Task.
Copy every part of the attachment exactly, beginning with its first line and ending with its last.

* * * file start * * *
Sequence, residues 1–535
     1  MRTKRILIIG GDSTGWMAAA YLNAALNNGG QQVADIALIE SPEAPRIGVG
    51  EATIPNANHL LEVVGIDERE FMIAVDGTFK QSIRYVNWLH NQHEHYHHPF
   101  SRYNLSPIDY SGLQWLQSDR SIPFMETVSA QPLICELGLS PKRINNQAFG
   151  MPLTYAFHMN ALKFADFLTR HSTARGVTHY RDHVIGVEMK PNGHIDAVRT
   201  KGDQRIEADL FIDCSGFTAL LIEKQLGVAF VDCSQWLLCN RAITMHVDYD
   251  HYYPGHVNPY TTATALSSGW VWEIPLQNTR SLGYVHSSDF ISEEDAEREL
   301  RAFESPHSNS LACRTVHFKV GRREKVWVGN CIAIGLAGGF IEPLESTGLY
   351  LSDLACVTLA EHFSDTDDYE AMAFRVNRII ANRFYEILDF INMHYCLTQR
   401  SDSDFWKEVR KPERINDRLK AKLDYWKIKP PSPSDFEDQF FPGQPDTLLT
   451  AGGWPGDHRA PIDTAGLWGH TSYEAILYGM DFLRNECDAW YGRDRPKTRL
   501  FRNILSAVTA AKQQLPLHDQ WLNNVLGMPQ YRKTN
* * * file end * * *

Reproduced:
Sequence, residues 1–535
     1  MRTKRILIIG GDSTGWMAAA YLNAALNNGG QQVADIALIE SPEAPRIGVG
    51  EATIPNANHL LEVVGIDERE FMIAVDGTFK QSIRYVNWLH NQHEHYHHPF
   101  SRYNLSPIDY SGLQWLQSDR SIPFMETVSA QPLICELGLS PKRINNQAFG
   151  MPLTYAFHMN ALKFADFLTR HSTARGVTHY RDHVIGVEMK PNGHIDAVRT
   201  KGDQRIEADL FIDCSGFTAL LIEKQLGVAF VDCSQWLLCN RAITMHVDYD
   251  HYYPGHVNPY TTATALSSGW VWEIPLQNTR SLGYVHSSDF ISEEDAEREL
   301  RAFESPHSNS LACRTVHFKV GRREKVWVGN CIAIGLAGGF IEPLESTGLY
   351  LSDLACVTLA EHFSDTDDYE AMAFRVNRII ANRFYEILDF INMHYCLTQR
   401  SDSDFWKEVR KPERINDRLK AKLDYWKIKP PSPSDFEDQF FPGQPDTLLT
   451  AGGWPGDHRA PIDTAGLWGH TSYEAILYGM DFLRNECDAW YGRDRPKTRL
   501  FRNILSAVTA AKQQLPLHDQ WLNNVLGMPQ YRKTN